How to buy toys for the kid who has everything — without relying on sponsored lists from Amazon or Walmart

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Holiday toy shoppers in search of intel have plenty of alternatives to pay-to-play best-seller lists.

Amazon AMZN, -1.68%   charges toy brands millions of dollars to be considered for its annual Holiday Toy List, according to a recent Bloomberg report, selling sponsorships for up to $2 million. Walmart WMT, -0.58%, meanwhile, charges $10,000 a month per product for toy brands to get their items on November and December “Buyer’s Picks” toy lists, the report said, quoting a consumer watchdog’s concerns about toy companies’ concealed financial involvement in a list apparently curated by experts.

Jim Silver, the CEO and editor-in-chief of the product-review site Toys, Tots, Pets & More, says that while not all retailers engage in this practice, he has heard about it for years. “I just shrugged my shoulders and said, ‘Well, it took a long time for it to finally hit the media, but it’s been around a long time,’” he said.

An Amazon spokeswoman told MarketWatch in an emailed statement: “Every product on our annual Holiday Toy List, which features family gift ideas from new releases to customer favorites, is independently curated by a team of in-house experts based on a high bar for quality, design, innovation and play experience.”

“We source product ideas from many places, including our selling partners who have an opportunity to nominate their best toys for the season and increase visibility of those toys,” she added.

A Walmart spokeswoman told MarketWatch cited a separate “Top Rated by Kids” list and said that suppliers can’t pay for inclusion on that list, which is the retailer’s official holiday-season toy list and features toys tested by kids. Asked specifically about the “Buyer’s Picks” issue reported by Bloomberg, she replied, “We have many different lists on — some curated by celebrities like Ellen [DeGeneres], Bobbi Brown and Drew Barrymore, some by influencers, and even the Buyer’s Picks list.”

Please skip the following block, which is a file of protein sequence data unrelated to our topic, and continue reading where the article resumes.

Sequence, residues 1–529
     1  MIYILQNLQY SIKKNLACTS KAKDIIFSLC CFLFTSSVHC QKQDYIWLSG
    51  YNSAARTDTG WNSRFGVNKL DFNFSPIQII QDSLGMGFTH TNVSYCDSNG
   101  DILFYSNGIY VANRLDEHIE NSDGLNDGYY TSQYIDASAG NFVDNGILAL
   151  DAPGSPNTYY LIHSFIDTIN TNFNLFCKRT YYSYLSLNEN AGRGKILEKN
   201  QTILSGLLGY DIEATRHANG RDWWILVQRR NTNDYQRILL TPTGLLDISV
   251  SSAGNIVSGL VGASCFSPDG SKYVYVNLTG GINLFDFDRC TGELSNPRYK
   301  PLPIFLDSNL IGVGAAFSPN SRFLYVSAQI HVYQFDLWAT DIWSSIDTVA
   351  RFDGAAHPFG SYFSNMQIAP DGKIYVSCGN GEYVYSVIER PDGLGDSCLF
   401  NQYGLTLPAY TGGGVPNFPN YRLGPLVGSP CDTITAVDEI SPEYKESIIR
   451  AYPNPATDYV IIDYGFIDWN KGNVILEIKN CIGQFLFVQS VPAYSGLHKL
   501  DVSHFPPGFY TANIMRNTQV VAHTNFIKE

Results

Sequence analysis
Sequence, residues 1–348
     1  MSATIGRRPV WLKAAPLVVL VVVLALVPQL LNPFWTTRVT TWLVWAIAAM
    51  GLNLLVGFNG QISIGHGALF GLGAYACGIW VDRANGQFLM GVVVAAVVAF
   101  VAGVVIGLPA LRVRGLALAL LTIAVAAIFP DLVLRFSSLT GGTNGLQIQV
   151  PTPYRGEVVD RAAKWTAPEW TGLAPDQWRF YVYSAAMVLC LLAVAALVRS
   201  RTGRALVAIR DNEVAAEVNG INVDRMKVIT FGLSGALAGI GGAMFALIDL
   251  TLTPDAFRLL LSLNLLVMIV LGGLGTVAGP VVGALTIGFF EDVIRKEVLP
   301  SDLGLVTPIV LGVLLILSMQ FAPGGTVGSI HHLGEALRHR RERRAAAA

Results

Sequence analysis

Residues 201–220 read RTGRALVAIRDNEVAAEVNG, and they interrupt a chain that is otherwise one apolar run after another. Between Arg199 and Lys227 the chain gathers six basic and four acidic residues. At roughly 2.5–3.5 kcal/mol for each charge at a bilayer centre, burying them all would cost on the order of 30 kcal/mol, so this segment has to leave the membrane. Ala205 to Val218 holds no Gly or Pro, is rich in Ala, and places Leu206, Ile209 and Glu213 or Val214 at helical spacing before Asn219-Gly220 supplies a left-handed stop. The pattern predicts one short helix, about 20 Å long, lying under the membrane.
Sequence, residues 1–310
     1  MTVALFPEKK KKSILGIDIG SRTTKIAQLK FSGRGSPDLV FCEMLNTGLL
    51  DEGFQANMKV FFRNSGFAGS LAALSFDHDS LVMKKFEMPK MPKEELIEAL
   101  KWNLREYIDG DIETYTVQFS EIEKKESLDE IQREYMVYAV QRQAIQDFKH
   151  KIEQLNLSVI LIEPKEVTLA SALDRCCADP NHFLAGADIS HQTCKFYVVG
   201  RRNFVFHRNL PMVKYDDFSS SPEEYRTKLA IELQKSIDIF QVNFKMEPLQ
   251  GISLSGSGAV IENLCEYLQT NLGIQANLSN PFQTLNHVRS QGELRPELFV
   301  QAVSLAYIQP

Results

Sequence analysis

If you’re a parent, grandparent or any other consumer on the hunt for age-appropriate toys that kids will use for longer than a week, here are some tips for independent recommendations:

The best intel comes from the child. “A hot toy might be a hot toy, but it might not be hot for your child,” Silver said. He recalled his older and younger daughters being “Barbie-crazy,” but his middle daughter being more interested in tech and electronics. Ask the parent or care giver how the child’s interests may have changed over the last year, he said.

Read independent toy-review sites. Among such sites is TTPM, which reviews 2,500 toys a year and draws millions of eyeballs to its YouTube GOOG, -0.60% GOOGL, -0.67%  toy reviews. “We pan items — you’ll find negative reviews on our site,” he said. Silver said his team seeks to identify toys with “good play value” that kids won’t simply abandon after one use, thus helping parents avoid wasting money.

Alan Fields, co-author of the baby-gear guide “Baby Bargains” and a website by the same name, recommended the Oppenheim Toy Portfolio, which says award-winning products featured on its site were selected by child-development, education and children’s literature experts, in addition to being kid-tested. “Unlike most other groups that rate products, we do not charge entry fees from manufacturers,” the site adds.

And in case you’re in the market for baby gear or toys, Baby Bargains vows on its website that it does not take money from the brands it reviews.

The American Specialty Toy Retailing Association (ASTRA), a trade group that represents independent retailers, manufacturers and sales representatives, leverages the expertise of independent toy-store owners to compile an annual Best Toys for Kids list.

ASTRA does not require manufacturers to pay to submit products for consideration, said the association’s president, Kimberly Mosley. However, the retailers and manufacturers obviously have a vested interest in people buying the toys they recommend and make/sell.

Visit local toy stores, which are known for customer service representatives who give you both their expertise and their time, Silver said. Owners and staff know how the products work, might be willing to take toys out of their boxes to let parents and/or children interact with them before buying, and can help you track down a hard-to-find item elsewhere, Mosley said. Local toy stores will often allow shoppers to buy products online and pick them up in-store, and some even gift-wrap for free, she added.

Patronizing these stores supports your local economy, Mosley said, and often leads to your finding a superior product: “When a toy store puts products on their shelves, it’s a carefully curated selection,” she said. Check ASTRA’s online store finder to locate your nearest local toy store.

When in doubt, try a board game. Board games represent a growing category in the toy business, Silver said: Hobby board-game sales rose 13% from $305 million to $345 million between 2016 and 2017, according to 2018 estimates by the geek-culture trade publication ICv2. Board games exist for all ages, Silver said, and often involve social interaction and thinking.

“If I had a child and I had no idea what they liked, I’d buy [board] games,” he said. “To me, that is the safest thing you can do, because rarely do you meet people who don’t like games.”

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